More importantly though, is ensuring to wash your hands at the appropriate times — after you cough or sneeze, before you touch your face or eat. The same stuff you learned in grade school still applies as an adult!

What else can you do?

Avoid touching your face, mouth or nose without washing your hands afterwards. If you’re feeling sick, stay home to get better and not spread it to anyone else. Even if you don’t have coronavirus, it still is the best way to keep yourself and the people around you healthy. And if your symptoms do get worse, or you don’t get better for an extended period of time, take appropriate precautions and contact your health-care provider.

(Source: - https:// m DOT huffingtonpost DOT ca/entry/ hand-sanitizer-coronavirus-wuhan-canada_ca_5e2f26a3c5b67d8874b7ae94 )

6 ( +7 / -1 )

This article is a few decades too late. I've been hearing this information since elementary and middle school.

3 ( +3 / -0 )

She added applying lotion or cream containing moisturizing ingredients is essential to keep hand skin from chapping and strengthen its barrier function.

I'm guessing the main purpose of this article about comments from a Kao Corp spokesperson was to get people to use more of their hand lotions...

11 ( +11 / -0 )

moderation is not a very popular word in times like these ...

1 ( +1 / -0 )

Good to know, thanks.

-3 ( +0 / -3 )

Well if you relieve yourself 10 times a day, you should wash your hands 10 times a day.

2 ( +2 / -0 )

You know what else ‘may increase the risk of virus infection’ - allowing the people from the cruise ship to walk straight onto public transport and travel around the country.

5 ( +5 / -0 )

anybody know where to buy both masks and hand sanitizers near Shibuya station, my co-workers ran out.

0 ( +0 / -0 )

From hand washing,

From wikipedia :

https://en.wikipedia.org/wiki/Hand_washing#Adverse_effects_of_excessive_hand_washing

We can find these studies :

https://www.ajicjournal.org/article/S0196-6553(06)01160-6/fulltext

https://www.everydayhealth.com/eczema/0411/too-clean-hands-can-lead-to-eczema.aspx

So it seems too many times depend of the people. Seems to start at more than 10 times but people can still be fine after 20 times. So when you start feeling irritation you have already crossed the too many times line. Drying your hand properly after sanitizing to get ride of remaining water should help in postponing the damaging.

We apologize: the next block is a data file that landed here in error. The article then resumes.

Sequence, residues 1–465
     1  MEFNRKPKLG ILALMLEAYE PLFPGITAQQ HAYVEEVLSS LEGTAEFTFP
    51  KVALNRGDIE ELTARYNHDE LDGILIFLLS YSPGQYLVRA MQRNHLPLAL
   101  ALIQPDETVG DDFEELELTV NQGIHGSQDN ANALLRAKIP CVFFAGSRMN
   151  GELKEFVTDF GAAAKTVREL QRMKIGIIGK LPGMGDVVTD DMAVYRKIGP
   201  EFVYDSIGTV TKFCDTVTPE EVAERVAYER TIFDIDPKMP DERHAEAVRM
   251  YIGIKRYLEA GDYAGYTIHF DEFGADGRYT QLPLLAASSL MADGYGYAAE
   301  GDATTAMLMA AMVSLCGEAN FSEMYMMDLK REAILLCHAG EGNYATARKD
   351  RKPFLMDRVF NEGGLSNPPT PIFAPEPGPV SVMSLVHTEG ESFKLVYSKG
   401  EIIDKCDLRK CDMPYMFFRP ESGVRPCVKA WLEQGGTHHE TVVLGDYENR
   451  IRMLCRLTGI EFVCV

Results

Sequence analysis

2 ( +2 / -0 )

As a spokesperson for the industry she must be conscious of backlash from people writing in to their complaints department with badly chapped fingers or hands.

Thus these words of moderation, yes/no?

0 ( +0 / -0 )

I can't Believe people didn't know this. I've been saying it for years as moms in parks run around with alcohol-based wetwipes and constanlty wipe their kids' hands anytime touch Something. It lowers immunity, for one, but EASILY causes contact dermitities, which in turn can cause skin to split open in severe cases, creating open wounds. I'm guess not only does that sting once you wipe or add gel or spray or whatever, but it is wide open for other things to enter.

1 ( +3 / -2 )

The only alcohol touching my hands is in a glass!

-1 ( +1 / -2 )

Probably shouldn’t be washing your hands in your beer, eh Mr Kipling?

1 ( +1 / -0 )

Using cheap alcohol based sanitizers and mist spray sanitizers isn't so good. Most good sanitizers and hand soaps have added oils or skin lotion to help protect skin. Medical Laboratory workers wash their hands frequently and change gloves often during work. They generally get sick less often than the general public, proving that the measures they take work effectively. You should wash with hand soap as the first choice and if that's not available use sanitizer. It's the suds that remove the harmful agents not the soap. Alcohol is a weak anticeptic and helps prevent the transfer of disease agents. If you develop dry or cracked skin you need to add the use of a hand cream.

1 ( +1 / -0 )

Zichi, It's good that medical workers sanitized their hands when they left your room. It's much better if the sanitize when the come in! And, by the way why don't medical workers, including doctors, practice better infection control? And why don't exam rooms and doctors offices all have sinks by the door with soap, hot water and towels?

0 ( +0 / -0 )

Richard Burgan

Zichi, It's good that medical workers sanitized their hands when they left your room. It's much better if the sanitize when the come in!

Actually they put gloves on when they came in and took them off on leaving and sanitizing their hands.

1 ( +1 / -0 )

Proper hand washing is the best defence. An article poo-pooing hand hygeine, but there are numerous articles about the useless masks.

0 ( +0 / -0 )